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pennywise

Here’s what I see MJ doing

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5 hours ago, Stoney said:

The truth is they lost $34 million prior to food stamps and $12 million after.  This information directly from inside NBA documents.

The Forbes estimates aren't even close and cannot be relied upon, they have no idea what they are talking about.

"The Hornets and Pistons would be dead without revenue sharing, and they’re expected to end up in the red even with it. Charlotte is projected to lose nearly $34 million in basketball operations, and its monster estimated $22 million revenue-sharing check can’t make up for that."

https://grantland.com/the-triangle/grantland-exclusive-the-jason-kidd-mess-has-a-144-million-pricetag/

 

Dude, that article is five years old.

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On 6/30/2019 at 1:54 PM, pennywise said:

Said it before, Jordan will never be content on having an empty arena. 

He's well on his way to having one because he is a dunce at running this franchise.

  • Pie 1

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4 hours ago, kungfoodude said:

Dude, that article is five years old.

Yeah I'm fully aware of that.

If you read our discussion the year in question was the 2013-2014 season, which just so happens to be 5-years ago.

Forbes said the team made money that season...internal NBA documents showed the reality is they lost a bunch.  The point here is that Forbes cannot be relied upon for accurate information.

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9 hours ago, Stoney said:

Yeah I'm fully aware of that.

If you read our discussion the year in question was the 2013-2014 season, which just so happens to be 5-years ago.

Forbes said the team made money that season...internal NBA documents showed the reality is they lost a bunch.  The point here is that Forbes cannot be relied upon for accurate information.

Read that quote again and pay attention to it more closely. "Expected." "Projected." Do these seem like definitive statements or someone making a quote based on incomplete information? While Forbes is doing estimates based on publicly available information, that Grantland article is quoting a source with obviously incomplete information, as well.

Even with that dire outlook, would be so hard to believe that year they turned a modest profit at $1.2 mil? 

It doesn't matter, it's a relatively pointless argument. The "money" the owners really make is from the franchise valuation. In that regard, Jordan has made out like a bandit. The Hornets are worth far more now than when he purchased them for $175 million. Make no mistake, he has already made his money.

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Michael Jordan is profiting off the Hornets brand to support his gambling addition. He has never cared about fielding a competitive basketball team as evidenced by literally every move the team has made under his ownership. A 12 year old playing NBA franchise mode could do a better job and that's not even a joke.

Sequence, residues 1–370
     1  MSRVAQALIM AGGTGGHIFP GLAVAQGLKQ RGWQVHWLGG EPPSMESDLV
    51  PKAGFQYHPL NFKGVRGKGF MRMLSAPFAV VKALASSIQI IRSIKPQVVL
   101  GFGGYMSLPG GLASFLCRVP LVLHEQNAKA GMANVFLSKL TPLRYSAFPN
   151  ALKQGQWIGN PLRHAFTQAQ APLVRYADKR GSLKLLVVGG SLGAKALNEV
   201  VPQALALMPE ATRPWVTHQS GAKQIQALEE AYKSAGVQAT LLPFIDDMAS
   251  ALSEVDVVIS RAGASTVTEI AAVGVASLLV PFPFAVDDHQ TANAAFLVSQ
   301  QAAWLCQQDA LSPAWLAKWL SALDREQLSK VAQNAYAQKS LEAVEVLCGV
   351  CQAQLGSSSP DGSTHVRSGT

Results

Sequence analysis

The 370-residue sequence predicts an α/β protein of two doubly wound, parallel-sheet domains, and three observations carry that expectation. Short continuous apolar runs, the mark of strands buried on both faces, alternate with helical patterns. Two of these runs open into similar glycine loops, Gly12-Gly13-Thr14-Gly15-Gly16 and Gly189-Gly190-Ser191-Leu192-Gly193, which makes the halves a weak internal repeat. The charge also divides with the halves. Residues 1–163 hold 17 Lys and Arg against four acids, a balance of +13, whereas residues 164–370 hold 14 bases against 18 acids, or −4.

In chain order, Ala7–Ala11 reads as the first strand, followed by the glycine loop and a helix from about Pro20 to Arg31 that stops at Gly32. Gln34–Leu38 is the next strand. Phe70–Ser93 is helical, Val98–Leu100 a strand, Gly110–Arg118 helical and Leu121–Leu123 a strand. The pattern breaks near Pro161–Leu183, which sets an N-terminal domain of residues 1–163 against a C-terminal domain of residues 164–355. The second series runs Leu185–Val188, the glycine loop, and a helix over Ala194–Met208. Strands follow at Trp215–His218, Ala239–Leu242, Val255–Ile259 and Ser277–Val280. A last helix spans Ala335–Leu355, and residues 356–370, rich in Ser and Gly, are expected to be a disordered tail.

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2 hours ago, kungfoodude said:

Read that quote again and pay attention to it more closely. "Expected." "Projected." Do these seem like definitive statements or someone making a quote based on incomplete information? While Forbes is doing estimates based on publicly available information, that Grantland article is quoting a source with obviously incomplete information, as well.

Even with that dire outlook, would be so hard to believe that year they turned a modest profit at $1.2 mil? 

It doesn't matter, it's a relatively pointless argument. The "money" the owners really make is from the franchise valuation. In that regard, Jordan has made out like a bandit. The Hornets are worth far more now than when he purchased them for $175 million. Make no mistake, he has already made his money.

I'd be willing to delve into the issue of profitability as deeply as you'd like, just let me know what you prefer.

If & when Jordan sells the team he has a chance to make some money....

....but until a sale is consummated the team has been a money loser for him & the small handful of partners who have stuck it out the whole time (most couldn't take the pain and bailed out).

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31 minutes ago, Stoney said:

I'd be willing to delve into the issue of profitability as deeply as you'd like, just let me know what you prefer.

 If & when Jordan sells the team he has a chance to make some money....

 ....but until a sale is consummated the team has been a money loser for him & the small handful of partners who have stuck it out the whole time (most couldn't take the pain and bailed out).

A couple of things, we will never know what the books truly look like for the Hornets. Most of the estimates that Forbes or any news source comes up with are from publicly available data, mined information or leaks from the organization/NBA. So, as far as a real basis to argue successfully, we aren't going to make much headway because we simply don't have the raw data to dig into. You can question the validity of the source and that is fine but you also are giving a much more suspect source as the basis of your argument. Regardless, by most of the publicly available estimates, we are profitable although most likely because of the revenue sharing alone. 

Secondly, why is it that important to argue over a modest loss or a modest profit in 2013-2014? To dispute someone's claim of 6 straight seasons in the black? Why? What the fug does it even matter if it was 5 or 6? The point he made is still valid. Until we are able to be a more profitable(which means successful) franchise, then we should not expect that the ownership is going to be willing to eschew the revenue sharing benefits nor pay a luxury tax. For all the shade being throw at MJ, that is not exactly a decision that should be that hard to understand.